Are we getting a false positive signal from the stock market, or is it a predictor of the economy in 3 to 6 months? This is the question business folk, big, small, and tiny, are asking themselves as the markets regain the ground lost in the early March slaughter.
The big tech stocks, Microsoft, Google, Apple, and Facebook, plus Amazon, Walmart, and Costco, are still sitting near all-time highs, while unemployment swells, small businesses languish, and Macy’s and Kohl’s starve. GM and Ford stock shrink, and Tesla stock hits $700 per share.
Are we on the eve of a depression or is this just a temporary misstep on the great trampoline of growth in America?
The machining business is straddling the chasm between panic and smiles of confidence. If a firm is predominantly an automotive supplier to anybody but Tesla, things look bleak. But for how long? There is plenty of potential demand waiting in the bushes.
People fear public transportation, which may translate to car sales. My sister bought an Audi SUV in February and my wife and daughter were both on the cusp of buying new vehicles. They will be back in the market when it feels safe to test drive some possibilities. My daughter is looking at the Jeep-Chrysler Pacifica, while my wife’s lease expired 3 months ago on her Camry.
We are waiting for the waters to calm. I’m sure there are many others in our shoes. But when will it be safe to do something, when right now a big trip is to visit the local supermarket for groceries to be put in the trunk after ordering ahead? The crazy thing is that we know our fear will dissipate and mostly be forgotten, but will it take 2 months, 6 months, or a year to regain our mojo?
We are just beginning the early spring of revival. I can feel it on good days when the sun is shining and neighbors are venturing out and talking without masks on. My sons are going out on walks together. My granddaughters recently met up with some close friends (10 feet away). I’ve almost gone to Dunkin Donuts to pick up coffee. My cardiologist tells me that his hundreds of patients are doing well and that the few who tested positive have recovered, except for the one frail man who died. I have friends who have recovered. It almost gives me confidence, but not enough to end my 33 day quarantine.
Yet business goes on. Most of my precision machining clients are working and reasonably busy. Medical and guns are strong. Military is okay but hesitant. Auctions are still taking place.
There will be a warm gust that begins to clear the fog of hesitation. It may be Major League Baseball or the NBA that gives the signal that we are waiting for. Yes, they will probably play without crowds and all of the participants will take their temperatures before play or practice begins. There will be missteps. A player or coach or ump will get sick, but one misstep does not mean it isn’t worth resuming. People always get sick and the world doesn’t fall apart.
Eventually we will have to coexist with COVID-19. We are social beings. We need to connect, travel, touch, and do business. We need to shed fear and take some calculated risks. The politicians and bureaucrats will dither, but the stock market is telling us, hopefully correctly, that good news is coming soon. Maybe when the ump yells “Play Ball!”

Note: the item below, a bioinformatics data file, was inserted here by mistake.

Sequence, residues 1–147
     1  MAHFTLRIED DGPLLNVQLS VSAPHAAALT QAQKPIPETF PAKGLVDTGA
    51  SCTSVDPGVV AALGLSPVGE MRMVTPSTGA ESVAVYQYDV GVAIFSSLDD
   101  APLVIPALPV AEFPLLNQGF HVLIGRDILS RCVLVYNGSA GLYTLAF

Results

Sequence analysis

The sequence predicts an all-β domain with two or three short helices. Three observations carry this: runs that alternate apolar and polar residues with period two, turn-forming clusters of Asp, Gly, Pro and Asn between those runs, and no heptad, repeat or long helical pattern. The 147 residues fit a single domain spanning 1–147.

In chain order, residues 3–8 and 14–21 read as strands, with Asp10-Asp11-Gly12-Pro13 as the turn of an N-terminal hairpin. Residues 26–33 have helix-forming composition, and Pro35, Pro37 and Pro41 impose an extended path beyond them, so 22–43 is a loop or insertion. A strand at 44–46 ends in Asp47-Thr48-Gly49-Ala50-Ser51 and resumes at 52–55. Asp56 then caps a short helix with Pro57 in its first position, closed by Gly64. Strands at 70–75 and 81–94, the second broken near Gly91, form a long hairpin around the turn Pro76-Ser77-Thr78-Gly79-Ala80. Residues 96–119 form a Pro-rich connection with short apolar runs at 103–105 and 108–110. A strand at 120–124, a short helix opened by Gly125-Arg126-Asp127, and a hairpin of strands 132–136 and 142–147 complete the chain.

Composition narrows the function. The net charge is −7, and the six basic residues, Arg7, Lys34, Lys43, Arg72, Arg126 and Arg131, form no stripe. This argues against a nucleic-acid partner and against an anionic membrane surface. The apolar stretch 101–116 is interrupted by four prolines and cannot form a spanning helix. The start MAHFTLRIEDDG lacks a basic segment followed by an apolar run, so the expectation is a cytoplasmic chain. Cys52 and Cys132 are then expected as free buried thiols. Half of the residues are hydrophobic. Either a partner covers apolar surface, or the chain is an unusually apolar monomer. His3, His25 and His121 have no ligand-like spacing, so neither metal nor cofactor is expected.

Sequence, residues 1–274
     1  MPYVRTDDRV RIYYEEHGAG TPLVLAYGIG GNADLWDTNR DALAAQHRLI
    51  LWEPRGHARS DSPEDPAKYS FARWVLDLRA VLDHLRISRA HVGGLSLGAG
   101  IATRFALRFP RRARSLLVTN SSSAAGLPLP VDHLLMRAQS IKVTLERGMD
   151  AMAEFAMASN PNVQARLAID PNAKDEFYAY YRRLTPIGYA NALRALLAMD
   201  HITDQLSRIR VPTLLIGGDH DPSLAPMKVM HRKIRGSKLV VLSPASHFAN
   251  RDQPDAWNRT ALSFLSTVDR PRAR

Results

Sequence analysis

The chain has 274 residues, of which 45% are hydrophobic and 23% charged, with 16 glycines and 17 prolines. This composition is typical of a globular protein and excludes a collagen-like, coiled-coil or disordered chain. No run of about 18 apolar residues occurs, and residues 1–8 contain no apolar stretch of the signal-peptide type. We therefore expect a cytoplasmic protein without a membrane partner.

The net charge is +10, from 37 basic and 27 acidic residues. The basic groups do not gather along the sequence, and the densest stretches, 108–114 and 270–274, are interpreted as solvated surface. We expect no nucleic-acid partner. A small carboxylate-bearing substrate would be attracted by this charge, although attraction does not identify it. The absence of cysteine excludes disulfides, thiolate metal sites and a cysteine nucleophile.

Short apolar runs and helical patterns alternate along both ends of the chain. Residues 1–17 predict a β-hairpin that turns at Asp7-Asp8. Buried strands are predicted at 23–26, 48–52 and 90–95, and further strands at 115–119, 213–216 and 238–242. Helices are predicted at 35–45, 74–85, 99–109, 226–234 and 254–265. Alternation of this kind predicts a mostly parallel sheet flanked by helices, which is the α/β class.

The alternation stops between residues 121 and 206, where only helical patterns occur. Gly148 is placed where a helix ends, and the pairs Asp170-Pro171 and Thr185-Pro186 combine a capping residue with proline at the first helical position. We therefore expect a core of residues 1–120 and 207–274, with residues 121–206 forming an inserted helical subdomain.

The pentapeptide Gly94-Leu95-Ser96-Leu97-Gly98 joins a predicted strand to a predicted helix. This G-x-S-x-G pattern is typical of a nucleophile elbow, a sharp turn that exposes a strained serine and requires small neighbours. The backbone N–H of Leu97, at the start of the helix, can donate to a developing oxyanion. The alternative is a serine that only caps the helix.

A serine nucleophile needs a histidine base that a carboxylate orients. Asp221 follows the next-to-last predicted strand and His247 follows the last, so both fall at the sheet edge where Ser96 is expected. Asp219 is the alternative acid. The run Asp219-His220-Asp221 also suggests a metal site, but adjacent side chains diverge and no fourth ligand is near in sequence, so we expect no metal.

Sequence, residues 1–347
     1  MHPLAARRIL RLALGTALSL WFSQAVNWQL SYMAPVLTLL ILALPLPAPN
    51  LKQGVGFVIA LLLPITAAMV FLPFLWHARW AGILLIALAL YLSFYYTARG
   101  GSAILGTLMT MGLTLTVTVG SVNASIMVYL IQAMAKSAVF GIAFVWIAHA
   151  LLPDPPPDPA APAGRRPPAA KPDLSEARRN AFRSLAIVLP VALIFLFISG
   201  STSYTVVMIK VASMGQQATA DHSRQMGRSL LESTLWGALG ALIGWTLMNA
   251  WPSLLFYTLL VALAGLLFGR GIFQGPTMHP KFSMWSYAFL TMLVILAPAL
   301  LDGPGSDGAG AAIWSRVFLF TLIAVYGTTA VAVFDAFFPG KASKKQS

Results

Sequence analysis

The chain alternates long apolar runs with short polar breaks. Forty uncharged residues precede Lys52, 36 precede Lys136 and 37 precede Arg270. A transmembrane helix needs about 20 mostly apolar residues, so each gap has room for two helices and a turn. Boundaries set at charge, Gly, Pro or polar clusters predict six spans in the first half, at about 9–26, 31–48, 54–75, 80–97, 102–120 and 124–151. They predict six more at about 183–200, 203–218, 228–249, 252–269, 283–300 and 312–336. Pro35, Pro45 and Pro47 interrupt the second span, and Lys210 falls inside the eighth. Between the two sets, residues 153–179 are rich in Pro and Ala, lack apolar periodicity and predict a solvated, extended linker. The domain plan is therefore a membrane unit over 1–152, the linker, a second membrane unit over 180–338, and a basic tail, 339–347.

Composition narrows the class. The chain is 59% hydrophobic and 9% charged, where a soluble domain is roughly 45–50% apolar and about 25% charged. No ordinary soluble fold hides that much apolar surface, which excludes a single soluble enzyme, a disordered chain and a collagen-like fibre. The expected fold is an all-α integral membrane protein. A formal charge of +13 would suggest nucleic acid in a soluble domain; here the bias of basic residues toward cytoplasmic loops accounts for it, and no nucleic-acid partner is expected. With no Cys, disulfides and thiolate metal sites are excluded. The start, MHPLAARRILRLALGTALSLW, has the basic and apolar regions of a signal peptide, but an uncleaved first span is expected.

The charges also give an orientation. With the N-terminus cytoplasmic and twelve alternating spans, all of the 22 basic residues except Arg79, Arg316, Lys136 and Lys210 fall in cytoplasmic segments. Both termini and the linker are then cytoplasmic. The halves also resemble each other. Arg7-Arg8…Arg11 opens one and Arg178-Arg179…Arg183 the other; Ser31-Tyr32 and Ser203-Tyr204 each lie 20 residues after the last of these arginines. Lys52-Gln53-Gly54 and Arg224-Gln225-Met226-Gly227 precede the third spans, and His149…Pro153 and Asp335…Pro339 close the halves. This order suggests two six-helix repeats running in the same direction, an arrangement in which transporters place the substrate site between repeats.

Question: What is the first thing you plan to do when shelter-in-place orders are lifted?
I am so tired of never ending graphs of suffering. I am tuning out more each day. But I am highly intrigued by the politics of COVID-19, particularly in a presidential election year.
Monday, Joe Biden, likely the Democratic nominee to run against President Donald Trump, called him to chat. This was a play right out of The West Wing playbook. With the Democratic primaries all but over, Biden has been pushed off the screens of America. Trump’s approval ratings have been going up by the day as he holds 2-hour “news” briefings, answering almost every question from reporters who he usually dismisses with scowls and sarcasm. He defers to VP Mike Pence, Dr. Deborah Birx, and the 4-star general handling logistics. He is generally holding his egotism in check and acting like a leader who is in command, and the role becomes him.
Biden’s aides must be tearing their hair out as they see their guy look like the janitor waiting to clean the room when the CEO finishes the meeting.
Equally worrisome for Biden is the blossoming of Governor Andrew Cuomo of New York, who does his briefings in the mornings. Cuomo comes off as a capable, self-effacing, CEO handling the complex needs of New York City, often in a growing partnership with President Trump and the military. His stage presence and command of details set him up, at least to me, as the Democrat’s logical Presidential nominee, though he did not enter any primaries.
I am sure the rise of Cuomo, with his rapport with the media which is so New York centric, has to make Joe Biden and his associates very shaky. Perhaps Trump’s growing respect for Cuomo is pushing an interesting triangle into the presidential election. Biden not only has the Bernie Sanders wing of the democratic party to contend with. Now he has the unexpected rising star of Andrew Cuomo.
Am I crazy to imagine that a Democratic convention in which not enough primaries have been held to give Biden the easy nomination, punts on round one of the voting and a groundswell of support from right, left, and center in the party, hungry for a winner, begins a Cuomo for President snowball at the Milwaukee convention?
Joe Biden has no passion in his campaign. He has become the front runner almost by default. If Cuomo appears to guide New York through its COVID-19 crisis and continues to look like the president of a besieged state and region, Joe Biden ought to be plenty scared.
Question: Have you tuned out the daily COVID-19 news?